A Few Things About Communication: 3. Bridging the Gap
Until you have sat in a darkened room for days on end, watching through a two-way mirror as groups of total strangers discuss their interpretations of messages you spent months crafting to make a different point than the one they are getting – unable to intervene and explain what you meant and on the wrong side of a sugar rush from eating too many M&Ms out of frustration – you cannot truly appreciate the gulf that can exist between the messages you intend to communicate and what it is that people receive.
How could they be so dumb (you think), how could they not appreciate your cleverness or laugh at your joke? Have they never heard of irony? How can they not see that you are telling the truth, unlike all the other companies making the same argument? Did they not get the reference to Hemingway? Why didn’t they work a little harder to see that you were using that word to mean something more specific than most people do?
A focus group with consumers, like the one described above, is only one place you can experience this gap between intended message and received meaning. If you pay attention, you can feel it live in a room full of potential investors. It’s there every time you send an email, conduct a job interview or create a presentation. It’s hanging in the atmosphere between your web site and the people who visit it. The more aware you are of this gap, the more skilled you will become at bridging it. Until you do, you’re not communicating effectively.
The invaluable lessons I learned sitting in the dark listening to people as they tried to comprehend my work, while hard won, are relevant to everybody everywhere who wants to be understood, and are the basis for just about everything I have learned about communication since. I’ve tried to summarize them here.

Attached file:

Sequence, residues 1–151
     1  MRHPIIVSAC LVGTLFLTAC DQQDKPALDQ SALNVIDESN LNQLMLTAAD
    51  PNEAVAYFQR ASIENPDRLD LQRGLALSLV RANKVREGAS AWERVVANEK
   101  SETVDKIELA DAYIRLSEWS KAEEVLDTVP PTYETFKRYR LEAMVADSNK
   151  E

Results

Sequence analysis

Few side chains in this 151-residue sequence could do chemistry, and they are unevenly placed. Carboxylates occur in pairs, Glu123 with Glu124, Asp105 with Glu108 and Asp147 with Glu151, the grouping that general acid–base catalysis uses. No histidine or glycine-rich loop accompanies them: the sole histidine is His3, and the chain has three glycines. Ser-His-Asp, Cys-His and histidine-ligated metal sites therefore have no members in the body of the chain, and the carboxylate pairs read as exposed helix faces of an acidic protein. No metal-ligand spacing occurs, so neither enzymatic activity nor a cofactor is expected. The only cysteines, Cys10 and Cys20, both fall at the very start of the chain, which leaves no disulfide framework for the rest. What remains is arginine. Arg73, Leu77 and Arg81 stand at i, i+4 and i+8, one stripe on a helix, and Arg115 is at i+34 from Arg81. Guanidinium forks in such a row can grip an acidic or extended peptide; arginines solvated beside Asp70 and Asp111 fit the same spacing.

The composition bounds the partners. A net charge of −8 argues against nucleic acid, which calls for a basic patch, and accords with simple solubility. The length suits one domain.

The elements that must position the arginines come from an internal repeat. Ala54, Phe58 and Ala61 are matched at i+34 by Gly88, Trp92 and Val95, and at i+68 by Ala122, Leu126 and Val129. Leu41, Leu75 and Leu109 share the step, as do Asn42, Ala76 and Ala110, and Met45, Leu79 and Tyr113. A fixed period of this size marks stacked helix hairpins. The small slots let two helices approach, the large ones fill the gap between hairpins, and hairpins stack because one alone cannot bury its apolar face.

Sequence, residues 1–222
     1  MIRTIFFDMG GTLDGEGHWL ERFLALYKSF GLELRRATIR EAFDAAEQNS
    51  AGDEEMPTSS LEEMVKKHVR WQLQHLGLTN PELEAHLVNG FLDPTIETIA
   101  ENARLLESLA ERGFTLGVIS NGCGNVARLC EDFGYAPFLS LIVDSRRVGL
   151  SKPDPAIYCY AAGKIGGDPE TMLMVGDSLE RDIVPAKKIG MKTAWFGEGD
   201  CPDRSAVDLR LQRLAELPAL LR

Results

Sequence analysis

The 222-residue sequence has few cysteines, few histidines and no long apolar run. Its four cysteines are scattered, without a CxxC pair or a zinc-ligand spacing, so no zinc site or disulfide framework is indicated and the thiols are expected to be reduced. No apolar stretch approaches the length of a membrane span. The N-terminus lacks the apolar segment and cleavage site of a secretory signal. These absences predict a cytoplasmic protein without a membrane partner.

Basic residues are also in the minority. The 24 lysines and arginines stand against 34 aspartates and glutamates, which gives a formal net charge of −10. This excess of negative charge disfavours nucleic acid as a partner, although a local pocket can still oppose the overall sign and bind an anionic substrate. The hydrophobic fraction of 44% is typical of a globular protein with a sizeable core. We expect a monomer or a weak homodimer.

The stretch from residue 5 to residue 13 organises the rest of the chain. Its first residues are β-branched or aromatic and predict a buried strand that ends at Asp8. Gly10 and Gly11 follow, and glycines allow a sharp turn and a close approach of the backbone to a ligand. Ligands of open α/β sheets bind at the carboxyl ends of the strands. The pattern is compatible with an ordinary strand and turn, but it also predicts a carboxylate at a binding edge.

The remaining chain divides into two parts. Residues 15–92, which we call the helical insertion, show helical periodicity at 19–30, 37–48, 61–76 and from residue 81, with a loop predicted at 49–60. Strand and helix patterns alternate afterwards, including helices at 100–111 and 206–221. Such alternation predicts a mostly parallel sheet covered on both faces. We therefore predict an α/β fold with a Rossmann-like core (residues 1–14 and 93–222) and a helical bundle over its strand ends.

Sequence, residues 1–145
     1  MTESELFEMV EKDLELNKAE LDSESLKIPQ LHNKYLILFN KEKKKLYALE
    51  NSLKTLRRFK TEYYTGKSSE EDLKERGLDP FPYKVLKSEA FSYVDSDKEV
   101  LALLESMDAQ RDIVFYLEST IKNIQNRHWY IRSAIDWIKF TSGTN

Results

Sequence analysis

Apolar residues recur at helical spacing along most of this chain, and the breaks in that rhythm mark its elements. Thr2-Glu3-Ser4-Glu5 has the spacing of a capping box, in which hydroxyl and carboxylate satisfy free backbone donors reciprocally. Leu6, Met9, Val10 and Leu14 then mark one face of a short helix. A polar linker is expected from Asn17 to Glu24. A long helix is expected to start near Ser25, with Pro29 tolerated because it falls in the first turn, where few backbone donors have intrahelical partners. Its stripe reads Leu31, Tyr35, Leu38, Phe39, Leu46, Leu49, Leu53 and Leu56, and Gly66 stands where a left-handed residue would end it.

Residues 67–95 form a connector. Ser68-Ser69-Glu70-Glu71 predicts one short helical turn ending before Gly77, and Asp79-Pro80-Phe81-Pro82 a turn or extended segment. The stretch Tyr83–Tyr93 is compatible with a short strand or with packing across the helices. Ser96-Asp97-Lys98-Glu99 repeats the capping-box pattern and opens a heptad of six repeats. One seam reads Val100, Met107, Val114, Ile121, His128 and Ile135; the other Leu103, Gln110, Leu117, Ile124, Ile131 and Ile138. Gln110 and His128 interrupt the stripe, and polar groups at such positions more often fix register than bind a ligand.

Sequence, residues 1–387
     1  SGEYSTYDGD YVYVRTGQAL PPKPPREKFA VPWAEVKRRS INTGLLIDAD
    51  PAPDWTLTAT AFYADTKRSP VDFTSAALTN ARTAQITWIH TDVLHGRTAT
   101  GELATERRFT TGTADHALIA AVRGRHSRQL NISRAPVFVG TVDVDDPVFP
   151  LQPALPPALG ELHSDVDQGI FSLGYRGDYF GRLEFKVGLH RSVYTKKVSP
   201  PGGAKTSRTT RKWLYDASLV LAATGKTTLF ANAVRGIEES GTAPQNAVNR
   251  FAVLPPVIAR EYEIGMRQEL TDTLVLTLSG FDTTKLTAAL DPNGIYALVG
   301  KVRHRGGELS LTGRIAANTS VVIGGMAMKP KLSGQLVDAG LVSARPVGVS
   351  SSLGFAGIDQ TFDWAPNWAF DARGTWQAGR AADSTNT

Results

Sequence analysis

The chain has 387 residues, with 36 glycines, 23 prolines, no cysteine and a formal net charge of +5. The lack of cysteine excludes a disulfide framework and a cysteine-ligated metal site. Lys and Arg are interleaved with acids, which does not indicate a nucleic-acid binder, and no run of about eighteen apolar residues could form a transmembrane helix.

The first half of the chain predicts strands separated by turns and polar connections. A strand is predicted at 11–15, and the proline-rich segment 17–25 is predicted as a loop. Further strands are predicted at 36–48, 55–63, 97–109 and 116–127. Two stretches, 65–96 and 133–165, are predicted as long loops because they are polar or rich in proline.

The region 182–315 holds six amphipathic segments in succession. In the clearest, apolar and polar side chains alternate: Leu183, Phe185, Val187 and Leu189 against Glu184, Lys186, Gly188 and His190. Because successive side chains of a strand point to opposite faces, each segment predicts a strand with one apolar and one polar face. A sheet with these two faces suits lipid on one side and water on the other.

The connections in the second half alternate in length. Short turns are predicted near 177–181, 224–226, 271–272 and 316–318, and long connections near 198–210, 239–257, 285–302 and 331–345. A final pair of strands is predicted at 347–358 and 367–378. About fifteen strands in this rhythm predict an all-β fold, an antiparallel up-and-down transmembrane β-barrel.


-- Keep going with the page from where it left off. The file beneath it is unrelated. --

There are three parts to any communication.
What you want to say, what’s received and what gets lost in translation. We’ve covered the first (how to say what you want to say) in the last few articles, we’re getting to the receiving part here. The loss in the middle can be viewed as what splashes out of the water bucket on the way back from the well. You need to make sure you’re carrying enough to begin with so that it doesn’t render the whole trip futile.
Communication is about making a connection – getting meaning from point A to point B. In the riveting documentary, Man on Wire, Phillippe Petit spent months in 1974 trying to figure out how to rig his wire from one Twin Tower to the other so that he could walk (illegally) between them. In the end, his team used a bow to shoot an arrow strung with a thin line across the chasm between the buildings, in a thrilling feat of ingenuity and precision. It’s not a bad metaphor for our current subject, although if it was always that dramatic we’d be too exhausted to talk.